grapes which are unattainable do my reader, being no longer young, sometimes in actual fact turn sour. look with a philosophic eye at some But let no man tell us that he has pretty girl entering a drawing-room, not known the bitterness of disapyou cannot but reflect, as you sur- pointment for at least a brief space, vey the pleasing picture, and more if he have ever from his birth tried especially when you think of the to get anything, great or small, and twenty thousand pounds-Ah! my yet not got it. Failure is indeed a gentle young friend, you will some thing of all degrees, from the most day make one heart very jolly, but fanciful to the most weighty : disa great many more extremely en- appointment is a thing of all devious, wrathful, and disappointed. grees, from the transient feeling So with all other desirable things; that worries for a minute, to the so with a large living in the Church; great crushing blow that breaks so with any place of dignity; so the mind's spring for ever. Failure with a seat on the bench ; so with is a fact which reaches from the a bishopric; so with the woolsack; poor tramp who lies down by the so with the towers of Lambeth. Só wayside to die, up to the man who with smaller matters; so with a is only made Chief Justice when he good business in the greengrocery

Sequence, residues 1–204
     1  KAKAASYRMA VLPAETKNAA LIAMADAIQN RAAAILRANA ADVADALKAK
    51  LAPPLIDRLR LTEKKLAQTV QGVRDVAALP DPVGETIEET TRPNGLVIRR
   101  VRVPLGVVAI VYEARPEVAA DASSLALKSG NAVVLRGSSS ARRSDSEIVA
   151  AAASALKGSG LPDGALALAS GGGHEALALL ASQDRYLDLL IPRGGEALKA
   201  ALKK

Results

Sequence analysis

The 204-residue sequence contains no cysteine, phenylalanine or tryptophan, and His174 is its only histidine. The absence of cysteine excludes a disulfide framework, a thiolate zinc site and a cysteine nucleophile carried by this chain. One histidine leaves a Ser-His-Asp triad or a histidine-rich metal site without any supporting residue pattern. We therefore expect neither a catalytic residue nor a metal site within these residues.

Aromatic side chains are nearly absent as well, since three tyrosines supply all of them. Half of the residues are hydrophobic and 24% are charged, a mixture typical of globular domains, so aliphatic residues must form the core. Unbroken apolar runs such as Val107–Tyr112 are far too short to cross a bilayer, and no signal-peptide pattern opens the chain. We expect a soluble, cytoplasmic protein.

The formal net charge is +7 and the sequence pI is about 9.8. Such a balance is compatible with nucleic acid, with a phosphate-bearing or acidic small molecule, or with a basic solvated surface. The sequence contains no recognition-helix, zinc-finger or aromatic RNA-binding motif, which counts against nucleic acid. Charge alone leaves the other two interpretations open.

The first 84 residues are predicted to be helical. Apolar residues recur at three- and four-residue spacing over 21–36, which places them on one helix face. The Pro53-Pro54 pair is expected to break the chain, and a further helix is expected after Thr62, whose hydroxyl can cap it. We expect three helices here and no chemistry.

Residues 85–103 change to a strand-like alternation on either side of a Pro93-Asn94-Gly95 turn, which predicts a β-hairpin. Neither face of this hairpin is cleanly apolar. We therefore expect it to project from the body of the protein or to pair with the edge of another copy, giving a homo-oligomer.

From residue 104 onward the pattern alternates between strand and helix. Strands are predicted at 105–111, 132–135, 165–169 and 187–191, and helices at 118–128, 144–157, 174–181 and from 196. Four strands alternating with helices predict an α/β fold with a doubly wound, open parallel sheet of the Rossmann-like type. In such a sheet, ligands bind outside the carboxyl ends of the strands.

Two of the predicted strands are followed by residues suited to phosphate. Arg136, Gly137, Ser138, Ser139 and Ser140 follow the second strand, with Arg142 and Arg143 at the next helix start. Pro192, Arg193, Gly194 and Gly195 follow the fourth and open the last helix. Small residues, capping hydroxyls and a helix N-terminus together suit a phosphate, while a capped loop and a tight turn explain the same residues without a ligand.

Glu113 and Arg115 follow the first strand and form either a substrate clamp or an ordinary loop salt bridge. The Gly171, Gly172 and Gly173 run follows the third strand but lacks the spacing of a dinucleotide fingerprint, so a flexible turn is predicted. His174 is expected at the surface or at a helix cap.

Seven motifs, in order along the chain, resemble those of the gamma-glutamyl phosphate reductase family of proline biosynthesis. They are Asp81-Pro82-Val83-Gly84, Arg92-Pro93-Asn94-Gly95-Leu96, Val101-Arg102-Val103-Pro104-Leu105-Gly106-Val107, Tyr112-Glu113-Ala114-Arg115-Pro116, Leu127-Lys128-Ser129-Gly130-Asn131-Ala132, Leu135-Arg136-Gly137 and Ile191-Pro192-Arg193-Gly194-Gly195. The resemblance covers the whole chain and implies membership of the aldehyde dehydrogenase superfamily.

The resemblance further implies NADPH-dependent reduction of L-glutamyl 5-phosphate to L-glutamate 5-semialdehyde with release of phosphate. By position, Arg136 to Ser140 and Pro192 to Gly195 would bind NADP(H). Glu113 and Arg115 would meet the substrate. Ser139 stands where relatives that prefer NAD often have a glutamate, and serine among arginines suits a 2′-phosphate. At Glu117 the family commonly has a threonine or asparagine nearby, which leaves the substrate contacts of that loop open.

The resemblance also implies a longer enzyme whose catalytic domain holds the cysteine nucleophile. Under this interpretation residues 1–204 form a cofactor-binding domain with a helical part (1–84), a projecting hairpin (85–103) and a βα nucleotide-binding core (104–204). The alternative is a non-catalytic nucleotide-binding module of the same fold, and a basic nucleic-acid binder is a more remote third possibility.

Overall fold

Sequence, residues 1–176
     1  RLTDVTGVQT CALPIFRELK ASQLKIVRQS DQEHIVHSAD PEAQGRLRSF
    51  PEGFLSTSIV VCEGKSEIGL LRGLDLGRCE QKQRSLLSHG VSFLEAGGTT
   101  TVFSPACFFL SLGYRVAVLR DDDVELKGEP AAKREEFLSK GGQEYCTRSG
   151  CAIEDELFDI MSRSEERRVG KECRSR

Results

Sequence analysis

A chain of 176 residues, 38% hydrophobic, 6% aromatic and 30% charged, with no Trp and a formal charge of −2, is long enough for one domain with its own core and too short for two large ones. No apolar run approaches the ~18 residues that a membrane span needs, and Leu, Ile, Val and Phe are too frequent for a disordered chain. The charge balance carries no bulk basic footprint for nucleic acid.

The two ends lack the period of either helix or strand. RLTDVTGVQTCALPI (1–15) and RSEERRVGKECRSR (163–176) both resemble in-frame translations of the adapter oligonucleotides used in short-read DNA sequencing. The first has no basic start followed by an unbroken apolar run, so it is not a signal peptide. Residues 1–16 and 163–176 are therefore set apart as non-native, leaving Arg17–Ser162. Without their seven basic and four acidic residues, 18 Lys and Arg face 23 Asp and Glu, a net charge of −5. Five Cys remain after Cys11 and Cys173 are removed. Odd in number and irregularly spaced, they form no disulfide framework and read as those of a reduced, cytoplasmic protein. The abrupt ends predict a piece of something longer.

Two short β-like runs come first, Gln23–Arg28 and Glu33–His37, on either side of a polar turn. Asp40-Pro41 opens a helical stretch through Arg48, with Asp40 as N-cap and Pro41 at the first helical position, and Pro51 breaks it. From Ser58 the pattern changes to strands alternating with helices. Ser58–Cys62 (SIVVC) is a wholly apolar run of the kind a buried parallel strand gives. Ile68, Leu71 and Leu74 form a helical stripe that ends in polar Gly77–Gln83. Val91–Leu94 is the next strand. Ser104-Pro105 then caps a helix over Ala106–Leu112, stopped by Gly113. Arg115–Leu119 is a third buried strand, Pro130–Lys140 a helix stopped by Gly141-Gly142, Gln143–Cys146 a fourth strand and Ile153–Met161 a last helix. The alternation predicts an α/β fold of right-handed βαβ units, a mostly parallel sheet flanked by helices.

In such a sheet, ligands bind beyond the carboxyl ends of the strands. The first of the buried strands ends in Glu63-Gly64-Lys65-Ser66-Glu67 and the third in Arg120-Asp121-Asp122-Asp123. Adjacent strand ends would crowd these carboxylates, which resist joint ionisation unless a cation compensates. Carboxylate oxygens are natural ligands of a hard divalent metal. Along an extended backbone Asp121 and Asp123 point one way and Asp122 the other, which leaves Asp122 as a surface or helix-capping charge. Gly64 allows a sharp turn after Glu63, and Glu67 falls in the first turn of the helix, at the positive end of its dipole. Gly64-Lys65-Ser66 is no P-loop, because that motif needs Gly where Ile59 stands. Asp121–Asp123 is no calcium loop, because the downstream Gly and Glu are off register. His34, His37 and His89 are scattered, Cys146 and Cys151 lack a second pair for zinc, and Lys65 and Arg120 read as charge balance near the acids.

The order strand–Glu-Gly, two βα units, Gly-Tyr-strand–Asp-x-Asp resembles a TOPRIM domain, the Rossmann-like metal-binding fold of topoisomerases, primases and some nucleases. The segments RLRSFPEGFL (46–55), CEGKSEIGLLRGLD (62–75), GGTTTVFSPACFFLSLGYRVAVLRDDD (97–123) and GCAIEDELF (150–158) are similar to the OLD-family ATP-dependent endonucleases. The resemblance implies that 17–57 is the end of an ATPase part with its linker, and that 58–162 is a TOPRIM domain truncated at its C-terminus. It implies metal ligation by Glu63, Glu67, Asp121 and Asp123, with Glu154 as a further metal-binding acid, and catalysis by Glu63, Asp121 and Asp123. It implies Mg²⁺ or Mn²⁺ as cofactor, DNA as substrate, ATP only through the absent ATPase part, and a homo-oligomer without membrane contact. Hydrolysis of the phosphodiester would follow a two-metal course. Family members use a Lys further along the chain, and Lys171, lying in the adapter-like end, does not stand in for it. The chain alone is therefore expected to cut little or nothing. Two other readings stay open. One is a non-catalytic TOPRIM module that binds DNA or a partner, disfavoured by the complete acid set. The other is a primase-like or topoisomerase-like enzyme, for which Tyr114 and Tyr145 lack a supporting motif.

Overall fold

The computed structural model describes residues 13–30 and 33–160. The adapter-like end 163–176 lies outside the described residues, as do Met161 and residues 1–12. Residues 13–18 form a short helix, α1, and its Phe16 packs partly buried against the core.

wanted the Chancellorship, or who line; so with a well paying milk- dies Bishop of London when he walk; so with a clerk's situation of had set his heart upon being Archeighty pounds a year; so with an bishop of Canterbury; or to the errand boy's place at three shillings prime minister, unrivalled in eloa week, which thirty candidates quence, in influence, in genius, want, and only one can get. Alas with his fair domains and his proud for our fallen race! Is it not part, descent, but whose horse is beaten at least, of some men's pleasure in after being first favourite for the gaining some object which has been Derby. Who shall say that either generally sought for, to think of the disappointed man felt less bittermortification of the poor fellows ness and weariness of heart than that failed ?